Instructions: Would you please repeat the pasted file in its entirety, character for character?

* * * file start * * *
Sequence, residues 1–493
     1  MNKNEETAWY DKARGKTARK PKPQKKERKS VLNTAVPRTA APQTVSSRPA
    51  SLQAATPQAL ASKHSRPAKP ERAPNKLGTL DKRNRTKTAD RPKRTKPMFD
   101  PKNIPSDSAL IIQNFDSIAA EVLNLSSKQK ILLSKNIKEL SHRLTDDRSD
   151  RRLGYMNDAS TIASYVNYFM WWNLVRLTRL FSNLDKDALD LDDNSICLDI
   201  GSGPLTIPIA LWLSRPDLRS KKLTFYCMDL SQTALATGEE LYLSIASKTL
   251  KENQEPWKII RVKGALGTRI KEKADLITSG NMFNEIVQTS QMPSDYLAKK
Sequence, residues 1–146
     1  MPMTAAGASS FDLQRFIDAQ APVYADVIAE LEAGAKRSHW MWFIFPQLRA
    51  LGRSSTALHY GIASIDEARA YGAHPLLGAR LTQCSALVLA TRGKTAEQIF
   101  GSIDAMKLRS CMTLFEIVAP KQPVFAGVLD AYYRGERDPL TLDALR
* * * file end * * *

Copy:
Sequence, residues 1–493
     1  MNKNEETAWY DKARGKTARK PKPQKKERKS VLNTAVPRTA APQTVSSRPA
    51  SLQAATPQAL ASKHSRPAKP ERAPNKLGTL DKRNRTKTAD RPKRTKPMFD
   101  PKNIPSDSAL IIQNFDSIAA EVLNLSSKQK ILLSKNIKEL SHRLTDDRSD
   151  RRLGYMNDAS TIASYVNYFM WWNLVRLTRL FSNLDKDALD LDDNSICLDI
   201  GSGPLTIPIA LWLSRPDLRS KKLTFYCMDL SQTALATGEE LYLSIASKTL
   251  KENQEPWKII RVKGALGTRI KEKADLITSG NMFNEIVQTS QMPSDYLAKK
Sequence, residues 1–146
     1  MPMTAAGASS FDLQRFIDAQ APVYADVIAE LEAGAKRSHW MWFIFPQLRA
    51  LGRSSTALHY GIASIDEARA YGAHPLLGAR LTQCSALVLA TRGKTAEQIF
   101  GSIDAMKLRS CMTLFEIVAP KQPVFAGVLD AYYRGERDPL TLDALR